When a car and a person collide, survival is all about speed. Almost everyone survives getting hit by a car going 20 miles per hour; at 30, survival is a bit better than a coin toss at 55 percent. Only 15 percent of people survive a crash at 40 miles per hour. Novato’s main roads are legally limited to 35 miles per hour but, given a comfortable five mile per hour margin, are effectively 40 mile per hour zones. In some places, the lanes are as wide as those on a freeway, giving the illusion of safety at 50 or 55. Novato is a dangerous place to be a pedestrian, and it’s dangerous by design.
Last month, Hailey Ratliff was riding her bike home from her new middle school. A recent transplant to Marin, the seventh grader was settling in well, and it seemed like the move would be a success.
Elsewhere in the United States, the ability to ride a bike home from school is a rare privilege. Many new schools are built with only the car in mind, along wide roads that lack sidewalks, let alone crosswalks or bicycle lanes. Only 13% of American children walk or bike to school, down dramatically from even 20 years ago when half could get themselves to and from their classes.
As she was on her way home, someone else was driving into town on Novato Boulevard. As the road winds through rural Novato and West Marin, cars can speed along at 50 or 55 miles per hour, an easy five or 10 miles per hour above the posted speed limit but we typically concern ourselves with.
As the driver would have just started to slow down for the first stop sign that marks the entrance to Novato, Hailey somehow got in the driver’s path. The SUV struck her with such force it left Hailey’s helmet and shoes in the road and threw the bike back into a telephone pole.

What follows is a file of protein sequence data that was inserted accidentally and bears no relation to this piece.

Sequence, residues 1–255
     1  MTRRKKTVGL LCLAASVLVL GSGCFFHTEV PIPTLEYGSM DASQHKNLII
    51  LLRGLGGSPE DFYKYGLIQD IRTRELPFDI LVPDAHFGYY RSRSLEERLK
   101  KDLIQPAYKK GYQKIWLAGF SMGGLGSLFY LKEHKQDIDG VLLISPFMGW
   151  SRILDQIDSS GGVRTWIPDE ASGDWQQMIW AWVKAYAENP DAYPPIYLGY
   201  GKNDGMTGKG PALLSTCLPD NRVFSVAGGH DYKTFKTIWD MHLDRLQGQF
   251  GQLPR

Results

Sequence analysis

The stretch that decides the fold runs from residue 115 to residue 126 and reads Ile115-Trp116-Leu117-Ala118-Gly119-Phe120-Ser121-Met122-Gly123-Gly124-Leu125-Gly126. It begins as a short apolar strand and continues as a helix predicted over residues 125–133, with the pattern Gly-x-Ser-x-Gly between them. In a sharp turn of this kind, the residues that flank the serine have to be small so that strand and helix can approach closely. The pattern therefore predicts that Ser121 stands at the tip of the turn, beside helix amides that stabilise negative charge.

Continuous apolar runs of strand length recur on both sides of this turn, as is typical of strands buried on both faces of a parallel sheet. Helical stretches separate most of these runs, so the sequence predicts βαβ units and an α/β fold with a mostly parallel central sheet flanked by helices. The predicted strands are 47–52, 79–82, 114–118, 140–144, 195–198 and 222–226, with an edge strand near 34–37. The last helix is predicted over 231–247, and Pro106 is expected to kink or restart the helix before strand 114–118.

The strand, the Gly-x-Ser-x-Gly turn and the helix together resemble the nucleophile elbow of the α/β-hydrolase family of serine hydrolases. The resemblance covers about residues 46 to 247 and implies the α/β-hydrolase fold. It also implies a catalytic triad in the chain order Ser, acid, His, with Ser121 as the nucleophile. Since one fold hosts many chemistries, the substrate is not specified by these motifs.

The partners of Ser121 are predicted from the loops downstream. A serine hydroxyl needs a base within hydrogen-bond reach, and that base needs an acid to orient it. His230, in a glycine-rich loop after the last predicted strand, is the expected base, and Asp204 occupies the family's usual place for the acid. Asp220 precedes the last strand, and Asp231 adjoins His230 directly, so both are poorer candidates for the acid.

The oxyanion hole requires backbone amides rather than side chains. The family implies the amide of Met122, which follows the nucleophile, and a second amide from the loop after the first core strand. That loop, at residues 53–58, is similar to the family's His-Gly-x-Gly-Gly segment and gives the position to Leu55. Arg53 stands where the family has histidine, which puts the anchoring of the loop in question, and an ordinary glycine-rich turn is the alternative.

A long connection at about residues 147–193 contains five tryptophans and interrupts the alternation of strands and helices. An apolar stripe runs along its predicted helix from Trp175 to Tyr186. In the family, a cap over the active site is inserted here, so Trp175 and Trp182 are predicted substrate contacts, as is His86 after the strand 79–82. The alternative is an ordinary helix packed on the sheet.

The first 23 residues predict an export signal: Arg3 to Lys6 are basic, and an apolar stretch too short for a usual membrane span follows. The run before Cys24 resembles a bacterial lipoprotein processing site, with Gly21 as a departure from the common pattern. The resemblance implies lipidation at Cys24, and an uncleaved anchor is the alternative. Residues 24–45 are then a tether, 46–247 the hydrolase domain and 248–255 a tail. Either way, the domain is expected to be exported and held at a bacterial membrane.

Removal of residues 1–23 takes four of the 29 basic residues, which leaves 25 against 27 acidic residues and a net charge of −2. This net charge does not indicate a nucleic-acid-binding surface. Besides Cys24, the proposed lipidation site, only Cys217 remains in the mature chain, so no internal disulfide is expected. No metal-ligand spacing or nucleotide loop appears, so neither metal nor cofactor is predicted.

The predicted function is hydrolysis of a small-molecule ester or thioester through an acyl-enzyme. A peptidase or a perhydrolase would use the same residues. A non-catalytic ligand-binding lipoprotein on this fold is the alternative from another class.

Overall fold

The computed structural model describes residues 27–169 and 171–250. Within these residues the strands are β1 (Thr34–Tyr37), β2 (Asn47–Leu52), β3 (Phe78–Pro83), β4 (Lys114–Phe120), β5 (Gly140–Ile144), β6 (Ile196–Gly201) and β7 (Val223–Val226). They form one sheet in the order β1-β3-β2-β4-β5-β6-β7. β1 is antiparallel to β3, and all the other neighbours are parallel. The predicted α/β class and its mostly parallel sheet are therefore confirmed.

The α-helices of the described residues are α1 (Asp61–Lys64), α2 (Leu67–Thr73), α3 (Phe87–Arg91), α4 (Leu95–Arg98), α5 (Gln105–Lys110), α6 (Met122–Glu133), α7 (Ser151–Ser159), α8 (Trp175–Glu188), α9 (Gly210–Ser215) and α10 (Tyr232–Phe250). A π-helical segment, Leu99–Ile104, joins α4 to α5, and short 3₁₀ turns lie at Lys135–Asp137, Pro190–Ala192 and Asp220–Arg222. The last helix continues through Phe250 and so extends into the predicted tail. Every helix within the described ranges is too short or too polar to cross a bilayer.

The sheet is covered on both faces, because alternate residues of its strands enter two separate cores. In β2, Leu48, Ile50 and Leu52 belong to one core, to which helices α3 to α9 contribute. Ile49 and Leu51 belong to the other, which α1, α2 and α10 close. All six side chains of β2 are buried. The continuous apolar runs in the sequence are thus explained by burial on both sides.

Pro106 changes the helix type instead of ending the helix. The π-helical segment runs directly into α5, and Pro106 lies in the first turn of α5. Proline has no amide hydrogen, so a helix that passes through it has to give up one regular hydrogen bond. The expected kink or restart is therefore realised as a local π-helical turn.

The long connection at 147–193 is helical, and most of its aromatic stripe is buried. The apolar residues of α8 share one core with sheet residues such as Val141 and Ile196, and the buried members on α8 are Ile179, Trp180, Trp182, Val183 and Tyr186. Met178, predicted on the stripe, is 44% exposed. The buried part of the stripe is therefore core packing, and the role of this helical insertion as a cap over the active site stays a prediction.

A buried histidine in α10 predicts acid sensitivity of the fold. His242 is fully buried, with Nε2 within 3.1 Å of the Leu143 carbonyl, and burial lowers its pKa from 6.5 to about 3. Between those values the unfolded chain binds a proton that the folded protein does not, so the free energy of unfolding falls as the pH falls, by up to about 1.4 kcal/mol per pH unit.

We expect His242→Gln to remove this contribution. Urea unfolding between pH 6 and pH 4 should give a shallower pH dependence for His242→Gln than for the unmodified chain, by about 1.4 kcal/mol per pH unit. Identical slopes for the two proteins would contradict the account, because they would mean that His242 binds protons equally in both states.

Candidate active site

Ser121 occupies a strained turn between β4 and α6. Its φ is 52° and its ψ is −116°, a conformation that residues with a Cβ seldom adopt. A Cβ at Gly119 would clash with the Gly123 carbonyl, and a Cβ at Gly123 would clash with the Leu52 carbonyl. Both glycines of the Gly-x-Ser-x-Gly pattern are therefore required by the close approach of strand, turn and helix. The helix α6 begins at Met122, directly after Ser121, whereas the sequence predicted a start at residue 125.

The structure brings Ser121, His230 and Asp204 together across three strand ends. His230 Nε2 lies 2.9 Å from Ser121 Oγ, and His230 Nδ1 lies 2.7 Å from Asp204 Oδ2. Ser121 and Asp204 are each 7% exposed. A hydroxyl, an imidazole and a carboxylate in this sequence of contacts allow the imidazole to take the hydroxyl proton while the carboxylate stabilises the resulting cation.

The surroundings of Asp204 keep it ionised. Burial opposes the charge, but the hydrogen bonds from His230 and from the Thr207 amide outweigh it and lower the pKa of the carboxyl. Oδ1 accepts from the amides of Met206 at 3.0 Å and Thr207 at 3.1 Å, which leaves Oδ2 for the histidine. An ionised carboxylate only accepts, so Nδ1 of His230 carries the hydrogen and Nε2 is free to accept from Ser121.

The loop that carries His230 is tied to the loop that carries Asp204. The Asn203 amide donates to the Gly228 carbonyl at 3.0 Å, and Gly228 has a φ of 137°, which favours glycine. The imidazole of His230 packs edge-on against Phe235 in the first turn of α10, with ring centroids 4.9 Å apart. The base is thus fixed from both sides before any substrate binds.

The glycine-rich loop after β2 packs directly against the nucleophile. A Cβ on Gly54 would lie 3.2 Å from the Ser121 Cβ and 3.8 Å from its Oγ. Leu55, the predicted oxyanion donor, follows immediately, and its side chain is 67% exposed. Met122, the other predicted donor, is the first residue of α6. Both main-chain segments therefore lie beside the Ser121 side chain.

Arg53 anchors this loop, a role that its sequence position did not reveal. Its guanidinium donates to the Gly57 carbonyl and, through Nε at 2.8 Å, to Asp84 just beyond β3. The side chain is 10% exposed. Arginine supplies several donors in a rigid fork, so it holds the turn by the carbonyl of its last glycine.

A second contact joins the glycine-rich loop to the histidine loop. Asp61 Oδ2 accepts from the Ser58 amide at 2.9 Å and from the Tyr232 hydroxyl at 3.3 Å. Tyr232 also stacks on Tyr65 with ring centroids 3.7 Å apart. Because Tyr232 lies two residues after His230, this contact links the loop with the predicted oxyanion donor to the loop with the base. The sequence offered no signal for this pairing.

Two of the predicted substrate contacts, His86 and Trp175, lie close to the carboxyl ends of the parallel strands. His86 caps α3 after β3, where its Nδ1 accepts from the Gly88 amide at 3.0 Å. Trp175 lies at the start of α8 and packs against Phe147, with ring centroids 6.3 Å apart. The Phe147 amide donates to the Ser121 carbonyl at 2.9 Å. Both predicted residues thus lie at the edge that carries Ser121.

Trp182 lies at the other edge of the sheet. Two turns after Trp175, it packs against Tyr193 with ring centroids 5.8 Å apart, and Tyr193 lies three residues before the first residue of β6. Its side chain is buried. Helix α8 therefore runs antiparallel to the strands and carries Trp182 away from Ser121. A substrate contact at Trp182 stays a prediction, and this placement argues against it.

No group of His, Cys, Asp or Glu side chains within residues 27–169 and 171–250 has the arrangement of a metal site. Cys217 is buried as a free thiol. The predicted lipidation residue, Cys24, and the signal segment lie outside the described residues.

The road where the two collided is actually wider than the rural road just before. Drivers respond to visual cues better than posted speed signs to determine a “safe” speed. We all know what it’s like to feel like we’re driving safely, only to be pulled over for speeding. The new tunnel for Doyle Drive is an example – its wide lanes and easy curves are at odds with the 35 MPH posted speed limit. Where Hailey was hit, the eastbound lane effectively widens to 15 feet as the paint delineating the shoulder is almost worn away. The center turn lane that suddenly appears makes passing cars feel like they aren’t going so fast, giving the illusion that it’s safe to drive even faster than before. Though the speed limit drops to 35 normally and 25 during school hours, that road is built for 50.
So while the collision between Hailey and that driver was probably the result of inattention by one or both of them, it was the speed that killed Hailey Ratliff, a speed that we normally shrug our shoulders about. It’s a speed that Novato encourages through roads designed for cars, not people. Hailey should be alive today, but the negligence and auto-oriented myopia of Novato’s planners made that road entirely unsafe. It’s our infrastructure that killed Hailey Ratliff, and it will keep on killing us until we say enough.
A version of this piece appeared in The Greater Marin.